The park is the pride of the city, featuring the Veteran’s Memorial, paved walking trails, three pavilions, a gazebo, tennis courts, basketball court, and skating rink and warming house in the winter. In its center is the custom and community-built playground structure, designed by renowned New York firm, Leathers and Associates, emulating the surrounding landscape and able to captivate the interest of children and adults. It is adjacent to the modern Ben Niggle Sports Complex, owned by Rushford-Peterson Schools, which boasts a state-of-the-art running track and several ball fields. Visitors can follow Rush Creek Trail to either the city’s Northend Campground or continue on, looping back to the Magelssen Bluff Hiking Trails.
A stone’s throw from the latter, visitors will love the completely remodeled 1875 Hoiland Mill – representing the days of Minnesota’s wheat and flour production. Other historic sites in town include the 1870 Hanson Hardware Store (now an Italian restaurant), 1872 Rushford Wagon and Carriage Company, and 1859 Walker & 1861 Valentine House, part of the Minnesota Pioneer House Project. The 1922 brick Tew Memorial Library is home to city hall and public library.
A full-service community, Rushford maintains many recreational possibilities. Take a dip at the Rushford Aquatic Center or golf a round—the challenging and scenic 9-hole course just east of town features 6,648 yards from the longest tees for a par of 36, for a course rating of 71.4. Bowl a few frames or delight in the ultimate healing and relaxation of massage or infrared saunas, both in town. Flying in? Rushford Municipal Airport (55Y) is considered one of the best in the area with on-site fuel, aircraft parking, hangar leasing and sales, flight training passenger terminal and lounge, and courtesy transportation. It serves as the backdrop for countless events throughout the year. Other citywide festivals throughout the year include Rushford Days, a week-long celebration the third week of July, and Taste of the Trail, the third Saturday after Labor Day in September.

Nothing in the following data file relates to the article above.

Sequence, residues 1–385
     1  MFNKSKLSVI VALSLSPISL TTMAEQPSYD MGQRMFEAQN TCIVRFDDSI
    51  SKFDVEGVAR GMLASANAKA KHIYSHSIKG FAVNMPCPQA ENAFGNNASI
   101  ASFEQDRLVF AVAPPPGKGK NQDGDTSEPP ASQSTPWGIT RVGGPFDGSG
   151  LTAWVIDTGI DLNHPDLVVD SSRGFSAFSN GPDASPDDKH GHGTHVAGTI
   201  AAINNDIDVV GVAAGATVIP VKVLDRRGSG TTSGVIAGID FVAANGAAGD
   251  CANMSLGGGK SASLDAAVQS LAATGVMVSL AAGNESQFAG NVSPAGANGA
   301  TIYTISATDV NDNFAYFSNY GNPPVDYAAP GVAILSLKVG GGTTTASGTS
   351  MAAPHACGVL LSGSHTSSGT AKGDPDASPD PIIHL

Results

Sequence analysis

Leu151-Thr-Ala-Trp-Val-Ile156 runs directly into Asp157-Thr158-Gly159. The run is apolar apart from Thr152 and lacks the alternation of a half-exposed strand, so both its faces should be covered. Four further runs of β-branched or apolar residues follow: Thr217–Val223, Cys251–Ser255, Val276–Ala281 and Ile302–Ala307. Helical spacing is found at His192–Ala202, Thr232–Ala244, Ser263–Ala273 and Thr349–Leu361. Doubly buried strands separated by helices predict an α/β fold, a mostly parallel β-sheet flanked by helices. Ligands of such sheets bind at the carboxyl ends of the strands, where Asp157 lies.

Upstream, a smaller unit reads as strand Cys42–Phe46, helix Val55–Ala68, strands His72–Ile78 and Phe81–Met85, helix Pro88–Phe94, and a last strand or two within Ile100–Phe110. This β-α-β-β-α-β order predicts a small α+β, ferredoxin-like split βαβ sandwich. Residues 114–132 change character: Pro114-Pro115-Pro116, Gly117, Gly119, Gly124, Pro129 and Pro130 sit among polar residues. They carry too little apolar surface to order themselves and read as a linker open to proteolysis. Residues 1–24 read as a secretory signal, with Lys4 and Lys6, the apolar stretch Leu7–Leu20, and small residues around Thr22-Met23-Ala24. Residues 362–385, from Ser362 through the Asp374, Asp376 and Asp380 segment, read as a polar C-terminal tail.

With all there is to do, you’re bound to work up quite an appetite. Luckily, there’s no shortage of superb dining destinations Rushford. Unique to the area, a lefse factory noted in Food Network’s compilation of Great Food Gifts from 50 States offers an opportunity to view a handful of workers transform the potato dough to Norse delight, then enjoy the fresh-made lefse in addition to offering a number of other Scandinavian goodies and gifts, as well as offering a full menu in their café.
When it’s time to rest, Rushford’s accommodations are equally plentiful: a new motel built in 2014, an inn, campgrounds or a B&B are just the place to stay and enjoy the area.